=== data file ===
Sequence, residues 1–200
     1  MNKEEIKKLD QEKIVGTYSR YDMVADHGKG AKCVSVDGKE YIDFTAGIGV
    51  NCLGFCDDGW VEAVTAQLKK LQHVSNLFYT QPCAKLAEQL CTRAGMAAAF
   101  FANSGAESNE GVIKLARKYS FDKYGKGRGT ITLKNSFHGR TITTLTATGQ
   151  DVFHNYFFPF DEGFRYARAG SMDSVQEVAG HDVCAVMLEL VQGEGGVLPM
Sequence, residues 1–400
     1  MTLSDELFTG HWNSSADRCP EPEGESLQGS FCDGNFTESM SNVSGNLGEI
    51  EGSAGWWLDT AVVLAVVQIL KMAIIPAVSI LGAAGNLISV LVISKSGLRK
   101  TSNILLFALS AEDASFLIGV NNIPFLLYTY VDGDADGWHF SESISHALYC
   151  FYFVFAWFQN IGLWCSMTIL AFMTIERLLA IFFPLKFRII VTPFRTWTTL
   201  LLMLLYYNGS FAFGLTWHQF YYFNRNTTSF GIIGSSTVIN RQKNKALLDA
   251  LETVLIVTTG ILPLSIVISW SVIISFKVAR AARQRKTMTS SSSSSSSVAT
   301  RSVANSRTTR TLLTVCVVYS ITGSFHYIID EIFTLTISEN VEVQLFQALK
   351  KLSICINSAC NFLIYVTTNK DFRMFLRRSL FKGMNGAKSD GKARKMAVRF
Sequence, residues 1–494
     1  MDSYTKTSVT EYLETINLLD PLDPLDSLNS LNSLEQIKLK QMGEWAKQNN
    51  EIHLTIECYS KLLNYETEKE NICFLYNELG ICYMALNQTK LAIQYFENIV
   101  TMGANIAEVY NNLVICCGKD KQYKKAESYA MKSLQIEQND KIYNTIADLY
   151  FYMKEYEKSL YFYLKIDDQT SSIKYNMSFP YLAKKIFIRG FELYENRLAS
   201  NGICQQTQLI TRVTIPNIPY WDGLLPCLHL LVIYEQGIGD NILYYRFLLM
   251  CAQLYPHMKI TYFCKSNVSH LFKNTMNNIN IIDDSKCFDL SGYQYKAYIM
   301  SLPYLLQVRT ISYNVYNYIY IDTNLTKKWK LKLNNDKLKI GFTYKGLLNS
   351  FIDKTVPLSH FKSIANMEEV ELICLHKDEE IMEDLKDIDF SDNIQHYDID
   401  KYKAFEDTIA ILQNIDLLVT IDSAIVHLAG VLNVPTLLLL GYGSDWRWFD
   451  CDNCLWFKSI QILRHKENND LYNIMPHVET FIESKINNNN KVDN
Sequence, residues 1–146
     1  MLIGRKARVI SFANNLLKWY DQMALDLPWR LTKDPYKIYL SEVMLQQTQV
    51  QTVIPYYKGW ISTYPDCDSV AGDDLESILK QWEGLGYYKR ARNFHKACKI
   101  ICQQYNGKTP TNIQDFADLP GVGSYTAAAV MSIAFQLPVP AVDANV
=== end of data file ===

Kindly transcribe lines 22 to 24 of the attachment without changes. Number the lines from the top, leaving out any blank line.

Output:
   301  SLPYLLQVRT ISYNVYNYIY IDTNLTKKWK LKLNNDKLKI GFTYKGLLNS
   351  FIDKTVPLSH FKSIANMEEV ELICLHKDEE IMEDLKDIDF SDNIQHYDID
   401  KYKAFEDTIA ILQNIDLLVT IDSAIVHLAG VLNVPTLLLL GYGSDWRWFD